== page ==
By Jill Eileen Smith, Author of Star of Persia
I have written in many genres over the past thirty years, though biblical fiction is the one that is currently published. With most other genres, a novelist creates characters from scratch. Sometimes we take ideas from people we know. Sometimes a character will introduce herself to us by simply telling us her story.
When I’m dealing with people in the Bible, however, I’m telling the stories of people who lived in history. Their stories were preserved for us in Scripture, and I do all that I can to stay true to what we know. For instance, the Bible gives us a lot of detail about King David’s life. Studying his life is fascinating and will take you all over the Bible and into many outside sources to get a feel for his time and the places he traveled. But Scripture gives us very little about the women in his life.
I might find that Michal was a princess, daughter of Israel’s first king. She had four brothers, two half brothers, and one sister, five nephews and a controlling uncle, but I can’t tell you exactly how she felt about them or what her life was like living with an erratic, jealous father.
Esther is famous in Jewish culture because of the Feast of Purim, but even as I read her book in Scripture, I still start with little information about who she was, how she felt, who she knew and what her culture looked like. That’s where research and imagination come in.
When writing about a real person like Michal or Esther, I get to know all of the people around them, usually the men who get more page time. Then I try to envision what they might have looked like and find a picture that I can visualize for inspiration. I try to put myself in their places. How did Michal feel when she finally got to marry David, only to have her father chase him far away and give her to another man? How did Esther feel to have her adoptive father try to protect her, only to be caught up in the king’s beauty contest and shut up in the palace, with no chance of escape, in spite of his efforts?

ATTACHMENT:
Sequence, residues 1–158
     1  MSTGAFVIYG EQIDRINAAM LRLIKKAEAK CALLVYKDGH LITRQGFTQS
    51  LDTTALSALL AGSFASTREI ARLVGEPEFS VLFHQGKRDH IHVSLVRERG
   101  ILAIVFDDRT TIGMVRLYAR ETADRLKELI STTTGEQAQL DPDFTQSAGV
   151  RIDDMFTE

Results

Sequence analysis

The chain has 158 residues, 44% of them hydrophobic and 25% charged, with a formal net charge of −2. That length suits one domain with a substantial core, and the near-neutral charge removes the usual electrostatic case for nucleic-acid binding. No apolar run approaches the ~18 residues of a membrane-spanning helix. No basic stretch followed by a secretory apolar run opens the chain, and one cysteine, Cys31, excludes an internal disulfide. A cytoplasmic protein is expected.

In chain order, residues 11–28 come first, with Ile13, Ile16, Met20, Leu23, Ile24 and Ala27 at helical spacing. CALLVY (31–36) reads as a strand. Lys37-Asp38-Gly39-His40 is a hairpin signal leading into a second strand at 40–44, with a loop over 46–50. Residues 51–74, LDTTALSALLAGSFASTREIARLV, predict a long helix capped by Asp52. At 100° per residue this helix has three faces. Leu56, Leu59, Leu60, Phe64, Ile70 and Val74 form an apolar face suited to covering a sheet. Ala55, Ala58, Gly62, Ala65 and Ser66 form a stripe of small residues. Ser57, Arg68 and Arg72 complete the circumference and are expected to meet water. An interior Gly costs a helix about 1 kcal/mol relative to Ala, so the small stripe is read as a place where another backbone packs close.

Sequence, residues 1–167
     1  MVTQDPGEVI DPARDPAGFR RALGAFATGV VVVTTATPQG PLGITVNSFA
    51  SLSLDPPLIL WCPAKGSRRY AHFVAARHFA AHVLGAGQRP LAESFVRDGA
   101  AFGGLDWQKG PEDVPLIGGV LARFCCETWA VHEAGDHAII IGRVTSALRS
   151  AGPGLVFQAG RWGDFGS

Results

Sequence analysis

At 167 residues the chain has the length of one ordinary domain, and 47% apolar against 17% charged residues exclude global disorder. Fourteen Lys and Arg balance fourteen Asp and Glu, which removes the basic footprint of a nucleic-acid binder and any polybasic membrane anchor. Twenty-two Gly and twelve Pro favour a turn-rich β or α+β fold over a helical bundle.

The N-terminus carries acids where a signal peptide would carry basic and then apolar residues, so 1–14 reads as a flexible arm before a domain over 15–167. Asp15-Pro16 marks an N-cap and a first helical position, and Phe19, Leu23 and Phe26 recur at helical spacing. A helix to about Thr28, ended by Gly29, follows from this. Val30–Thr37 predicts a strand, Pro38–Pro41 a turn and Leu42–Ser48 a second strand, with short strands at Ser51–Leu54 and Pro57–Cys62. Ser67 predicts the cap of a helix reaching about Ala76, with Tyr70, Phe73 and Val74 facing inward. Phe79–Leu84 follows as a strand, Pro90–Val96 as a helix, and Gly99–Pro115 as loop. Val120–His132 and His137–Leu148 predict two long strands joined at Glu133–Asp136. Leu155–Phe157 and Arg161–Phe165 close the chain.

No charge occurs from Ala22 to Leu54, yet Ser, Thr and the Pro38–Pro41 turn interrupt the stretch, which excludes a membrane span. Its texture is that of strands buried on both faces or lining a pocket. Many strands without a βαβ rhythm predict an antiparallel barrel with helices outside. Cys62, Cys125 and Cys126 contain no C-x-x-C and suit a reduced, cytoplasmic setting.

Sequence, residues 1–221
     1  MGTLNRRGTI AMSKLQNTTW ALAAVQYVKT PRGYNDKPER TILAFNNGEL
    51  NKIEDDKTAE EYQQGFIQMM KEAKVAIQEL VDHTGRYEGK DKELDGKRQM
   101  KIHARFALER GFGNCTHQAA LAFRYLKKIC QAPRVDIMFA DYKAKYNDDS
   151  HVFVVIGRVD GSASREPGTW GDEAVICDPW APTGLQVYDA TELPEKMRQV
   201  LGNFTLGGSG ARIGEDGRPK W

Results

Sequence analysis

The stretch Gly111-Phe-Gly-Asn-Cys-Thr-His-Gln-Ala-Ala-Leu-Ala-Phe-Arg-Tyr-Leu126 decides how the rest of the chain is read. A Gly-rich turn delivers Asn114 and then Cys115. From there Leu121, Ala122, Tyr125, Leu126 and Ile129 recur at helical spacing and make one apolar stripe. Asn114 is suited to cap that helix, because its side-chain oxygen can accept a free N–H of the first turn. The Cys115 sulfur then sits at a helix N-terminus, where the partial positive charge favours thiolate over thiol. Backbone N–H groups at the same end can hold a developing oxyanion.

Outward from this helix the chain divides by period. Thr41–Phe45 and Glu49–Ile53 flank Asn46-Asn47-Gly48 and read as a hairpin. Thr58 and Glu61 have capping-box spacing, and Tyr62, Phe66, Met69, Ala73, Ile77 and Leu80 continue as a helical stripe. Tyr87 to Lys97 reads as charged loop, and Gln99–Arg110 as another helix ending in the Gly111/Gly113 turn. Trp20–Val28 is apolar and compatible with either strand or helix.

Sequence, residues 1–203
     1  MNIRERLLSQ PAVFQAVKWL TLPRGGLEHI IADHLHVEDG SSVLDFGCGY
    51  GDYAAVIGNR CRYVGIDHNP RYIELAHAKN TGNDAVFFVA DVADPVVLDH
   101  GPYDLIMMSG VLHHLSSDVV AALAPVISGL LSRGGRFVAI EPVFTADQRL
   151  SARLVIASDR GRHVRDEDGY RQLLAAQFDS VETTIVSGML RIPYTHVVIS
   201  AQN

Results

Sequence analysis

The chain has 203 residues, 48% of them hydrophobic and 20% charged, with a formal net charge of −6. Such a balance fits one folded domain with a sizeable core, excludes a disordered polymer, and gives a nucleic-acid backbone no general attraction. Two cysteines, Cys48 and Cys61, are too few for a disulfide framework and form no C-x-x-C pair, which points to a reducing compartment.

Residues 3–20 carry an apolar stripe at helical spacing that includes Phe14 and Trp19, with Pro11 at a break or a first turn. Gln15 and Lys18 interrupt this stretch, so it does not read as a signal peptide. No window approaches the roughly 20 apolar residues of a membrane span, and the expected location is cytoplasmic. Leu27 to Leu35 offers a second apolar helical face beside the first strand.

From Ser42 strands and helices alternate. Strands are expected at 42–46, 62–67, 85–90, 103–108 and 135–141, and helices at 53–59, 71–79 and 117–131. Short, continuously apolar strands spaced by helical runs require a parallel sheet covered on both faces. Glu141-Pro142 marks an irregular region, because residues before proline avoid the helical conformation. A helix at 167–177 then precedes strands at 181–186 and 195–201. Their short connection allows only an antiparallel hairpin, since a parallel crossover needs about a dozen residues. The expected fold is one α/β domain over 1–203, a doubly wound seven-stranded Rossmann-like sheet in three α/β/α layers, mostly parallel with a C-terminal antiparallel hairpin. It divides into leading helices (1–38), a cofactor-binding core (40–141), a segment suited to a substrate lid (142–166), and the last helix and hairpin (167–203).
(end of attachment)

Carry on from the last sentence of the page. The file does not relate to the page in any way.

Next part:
A writer needs to stay true to whatever facts she has when dealing with real people. But where history or Scripture are silent, she can put herself in their place and imagine what might have been. In the end, real people of the past or present are not so very different than we are. Hopes and dreams, fears and folly follow each one of us. It is up to the writer to bring those emotions to life for the reader while keeping what is true intact. That is always my aim, and if we stay true to the material and to ourselves, we may find it easier than we expected.
Jill Eileen Smith is the bestselling and award-winning author of the biblical fiction series The Wives of King David, Wives of the Patriarchs, and Daughters of the Promised Land, as well as The Heart of a King and the nonfiction book When Life Doesn’t Match Your Dreams. Her research into the lives of biblical women has taken her from the Bible to Israel, and she particularly enjoys learning how women lived in Old Testament times. Jill lives with her family in southeast Michigan. Learn more at www.jilleileensmith.com